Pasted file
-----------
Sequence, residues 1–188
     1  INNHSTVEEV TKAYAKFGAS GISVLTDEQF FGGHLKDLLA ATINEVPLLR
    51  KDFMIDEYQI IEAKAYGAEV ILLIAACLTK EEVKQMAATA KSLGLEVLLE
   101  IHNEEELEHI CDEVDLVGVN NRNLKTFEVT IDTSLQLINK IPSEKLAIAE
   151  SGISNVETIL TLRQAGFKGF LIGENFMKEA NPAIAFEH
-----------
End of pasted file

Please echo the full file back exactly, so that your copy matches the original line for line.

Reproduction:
Sequence, residues 1–188
     1  INNHSTVEEV TKAYAKFGAS GISVLTDEQF FGGHLKDLLA ATINEVPLLR
    51  KDFMIDEYQI IEAKAYGAEV ILLIAACLTK EEVKQMAATA KSLGLEVLLE
   101  IHNEEELEHI CDEVDLVGVN NRNLKTFEVT IDTSLQLINK IPSEKLAIAE
   151  SGISNVETIL TLRQAGFKGF LIGENFMKEA NPAIAFEH